A panel of three leaves showing entire, serrate and dentate margins.

A panel of three leaves showing crenate, undulate and lobed margins.

Leaf surfaces

Leaves are surprisingly diverse in surface texture. If the surfaces are smooth, they’re called glabrous. If they have a white or bluish, waxy coating that can be rubbed off, they’re glaucous. Hairy leaves have many terms to describe them, but a common overall term is pubescent.

A panel of three leaves showing glabrous, glaucous and pubescent surfaces.

Leaf attachments

Petiolate leaves are attached to a stem with a petiole, or leaf stalk. Sessile leaves lack petioles; they are unstalked and attached directly to the stems. Perfoliate leaves wrap around and are pierced by the stem. Clasping leaves, as the name implies, clasp the stem with the base of the leaf. Sheathing leaves wrap around the stem and extend down its length to form a sheath. 

A panel of three leaves showing petiolate, sessile and perfoliate attachments.

A panel of two leaves showing clasping and sheathing attachments.


Stipules are pairs of leaf-like or thread-like appendages at the base of the petioles of some leaves. Not all species have them, but if stipules are present, their size and shape are useful for identification.

 The leaf-like stipules of smooth wild rose and the thread-like stipules of sweet clover.

Leaf shapes

This is where terminology really takes off. Because leaves come in a wide variety of shapes, there are many words to describe them. Common terms are cordate, deltoid, elliptic, lanceolate, oblong and ovate. 

Cordate leaf of lilac, deltoid leaf of cottonwood, and elliptic leaf of black cherry.

Lanceolate leaf of coneflower, oblong leaflets of prairie clover, and ovate leaf of snakeroot.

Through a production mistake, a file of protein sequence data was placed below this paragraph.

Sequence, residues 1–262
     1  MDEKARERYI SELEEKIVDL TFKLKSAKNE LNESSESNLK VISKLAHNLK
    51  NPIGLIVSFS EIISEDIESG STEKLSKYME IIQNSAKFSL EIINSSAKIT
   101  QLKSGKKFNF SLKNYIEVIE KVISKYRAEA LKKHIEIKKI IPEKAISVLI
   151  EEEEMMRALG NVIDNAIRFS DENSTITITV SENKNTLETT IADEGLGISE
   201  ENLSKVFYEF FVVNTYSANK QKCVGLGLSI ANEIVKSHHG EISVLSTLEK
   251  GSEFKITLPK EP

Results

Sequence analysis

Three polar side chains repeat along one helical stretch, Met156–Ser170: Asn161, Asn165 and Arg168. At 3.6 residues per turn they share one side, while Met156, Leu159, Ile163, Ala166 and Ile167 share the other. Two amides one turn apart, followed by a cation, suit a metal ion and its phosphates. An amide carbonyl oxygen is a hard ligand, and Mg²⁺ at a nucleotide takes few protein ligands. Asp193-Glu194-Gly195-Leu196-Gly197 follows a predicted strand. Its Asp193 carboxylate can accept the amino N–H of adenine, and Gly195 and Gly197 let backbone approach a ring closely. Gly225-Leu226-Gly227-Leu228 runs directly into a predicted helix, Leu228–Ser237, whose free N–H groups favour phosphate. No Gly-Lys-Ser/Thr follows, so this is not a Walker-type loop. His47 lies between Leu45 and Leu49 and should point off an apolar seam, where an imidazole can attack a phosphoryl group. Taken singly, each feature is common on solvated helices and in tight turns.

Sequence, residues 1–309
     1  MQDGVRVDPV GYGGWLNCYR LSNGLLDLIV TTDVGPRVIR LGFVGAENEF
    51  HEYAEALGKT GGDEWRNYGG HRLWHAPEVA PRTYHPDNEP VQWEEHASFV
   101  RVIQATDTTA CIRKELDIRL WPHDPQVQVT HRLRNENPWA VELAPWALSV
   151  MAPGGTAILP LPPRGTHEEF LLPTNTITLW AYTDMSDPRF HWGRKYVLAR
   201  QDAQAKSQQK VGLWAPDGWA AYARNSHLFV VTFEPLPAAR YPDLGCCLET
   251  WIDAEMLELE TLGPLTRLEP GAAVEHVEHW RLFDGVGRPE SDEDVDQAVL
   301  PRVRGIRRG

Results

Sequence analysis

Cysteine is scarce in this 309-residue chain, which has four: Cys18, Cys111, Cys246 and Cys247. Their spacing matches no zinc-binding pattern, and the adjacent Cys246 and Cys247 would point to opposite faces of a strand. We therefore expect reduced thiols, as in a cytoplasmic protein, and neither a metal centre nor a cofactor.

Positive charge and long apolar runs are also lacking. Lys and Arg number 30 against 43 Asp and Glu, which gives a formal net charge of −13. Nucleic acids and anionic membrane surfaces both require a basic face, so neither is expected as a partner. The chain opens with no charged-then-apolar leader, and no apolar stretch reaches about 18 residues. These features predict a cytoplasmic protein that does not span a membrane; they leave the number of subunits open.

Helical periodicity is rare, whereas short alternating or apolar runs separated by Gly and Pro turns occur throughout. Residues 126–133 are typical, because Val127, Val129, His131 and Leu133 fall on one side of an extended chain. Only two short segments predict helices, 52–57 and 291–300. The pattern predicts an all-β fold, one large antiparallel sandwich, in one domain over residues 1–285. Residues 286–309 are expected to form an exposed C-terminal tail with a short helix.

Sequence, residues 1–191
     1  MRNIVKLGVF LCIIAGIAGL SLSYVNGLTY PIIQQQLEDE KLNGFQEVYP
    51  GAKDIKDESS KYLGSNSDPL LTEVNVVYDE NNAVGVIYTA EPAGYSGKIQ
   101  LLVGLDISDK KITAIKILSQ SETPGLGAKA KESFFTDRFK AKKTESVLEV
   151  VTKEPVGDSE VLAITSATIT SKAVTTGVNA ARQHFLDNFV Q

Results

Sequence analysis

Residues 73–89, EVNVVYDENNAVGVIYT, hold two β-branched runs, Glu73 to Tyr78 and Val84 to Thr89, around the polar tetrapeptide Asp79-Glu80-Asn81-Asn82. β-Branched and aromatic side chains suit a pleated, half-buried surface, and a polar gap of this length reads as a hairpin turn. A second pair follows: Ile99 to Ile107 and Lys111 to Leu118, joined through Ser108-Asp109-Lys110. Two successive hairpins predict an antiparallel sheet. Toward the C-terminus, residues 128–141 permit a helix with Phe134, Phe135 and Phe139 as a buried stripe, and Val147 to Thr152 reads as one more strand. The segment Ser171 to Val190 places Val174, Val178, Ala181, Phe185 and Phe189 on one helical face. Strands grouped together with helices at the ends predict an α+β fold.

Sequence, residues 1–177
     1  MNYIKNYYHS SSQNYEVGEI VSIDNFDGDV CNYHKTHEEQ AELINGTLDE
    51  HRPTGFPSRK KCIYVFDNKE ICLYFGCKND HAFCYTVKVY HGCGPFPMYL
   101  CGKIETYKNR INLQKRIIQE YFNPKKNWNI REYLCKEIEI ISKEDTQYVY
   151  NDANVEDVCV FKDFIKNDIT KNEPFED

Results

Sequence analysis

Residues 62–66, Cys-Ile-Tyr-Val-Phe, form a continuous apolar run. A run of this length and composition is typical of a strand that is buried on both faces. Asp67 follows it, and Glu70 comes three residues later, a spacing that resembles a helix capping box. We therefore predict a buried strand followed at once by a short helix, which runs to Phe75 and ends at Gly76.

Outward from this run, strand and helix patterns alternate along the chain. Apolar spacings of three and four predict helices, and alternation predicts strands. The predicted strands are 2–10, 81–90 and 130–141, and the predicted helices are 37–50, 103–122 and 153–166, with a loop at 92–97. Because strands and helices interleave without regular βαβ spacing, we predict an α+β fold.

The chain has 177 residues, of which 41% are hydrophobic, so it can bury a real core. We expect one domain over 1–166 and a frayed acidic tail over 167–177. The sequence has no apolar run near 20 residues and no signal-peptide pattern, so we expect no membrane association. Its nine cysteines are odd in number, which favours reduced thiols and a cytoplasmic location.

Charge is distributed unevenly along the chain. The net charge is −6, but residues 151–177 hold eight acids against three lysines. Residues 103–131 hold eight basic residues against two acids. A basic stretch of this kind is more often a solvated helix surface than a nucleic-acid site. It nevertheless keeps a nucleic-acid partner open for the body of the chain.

Adding “ob” to the beginning of cordate, lanceolate or ovate means the shape is reversed. An obcordate leaf, for example, looks upside down compared to a cordate leaf.

Oblanceolate leaf of black chokeberry, obcordate leaves of yellow oxalis, and obovate leaf of chokecherry.

Expect inconsistency, intermediates and combinations

Leaves are variable even on the same plant. In the folowing photo of Japanese Lilac, Syringa reticulata, the bases of older leaves look truncate or obtuse, whereas the bases of younger leaves look acute. It’s best to look at several leaves to get a sense of what’s typical.  

A branch of Japanese lilac.


In some cases, leaves look intermediate between two morphologies. It’s common to find combination terms for their shapes, like ovate-elliptic or lanceolate-ovate. For example, the leaves of Swamp Milkweed, Asclepias incarnata, below, are described as oblong-lanceolate or lanceolate, with an acute to acuminate apex. 

A stem and attached leaves of swamp milkweed.


Test your knowledge

Here’s a description that could be found in a technical guide: Leaves petiolate, lobed, margins coarsely serrate to dentate, blades glabrous, base broadly cordate, apex acute to acuminate. Which of these leaves best matches this description? Scroll down for the answer.

Leaves of wild ginger, riverbank grape and tall bellflower.

The answer is Riverbank Grape. Wild Ginger has entire leaves that are not lobed, although the leaf base makes them appear so. Tall Bellflower has an acute leaf base and a margin that is not coarsely toothed.


More resources

Plant Identification Terminology: An Illustrated Glossary, by James G. Harris and Melinda Woolf Harris. Second Edition. Spring Lake Publishing, Spring Lake, Utah, 2001. 206 pp.

Botany Primer: Understanding Botany for Nature’s Notebook. This public-domain primer from the USA National Phenology Network covers many aspects of botany, including leaf morphology. The full citation for this reference is:

Guertin, P., Barnett, L., Denny, E.G., Schaffer, S.N. 2015. USA National Phenology Network Botany Primer. USA-NPN Education and Engagement Series 2015-001.

Biology and botany textbooks also cover plant morphology. School and public libraries may have some on their shelves. Another choice is LibreTexts™, a non-profit collaboration that offers free online access to postsecondary textbooks. At the website, open the Explore the Libraries menu and choose Biology. Then choose Bookshelves and look for Botany.


(1)    Minnesota Wildflowers: A Field Guide to the Flora of Minnesota. Maintained by Katy Chayka. Accessed March 12, 2022. 

(2)    Minnesota Biodiversity Atlas. University of Minnesota, Bell Museum. Accessed March 12, 2022.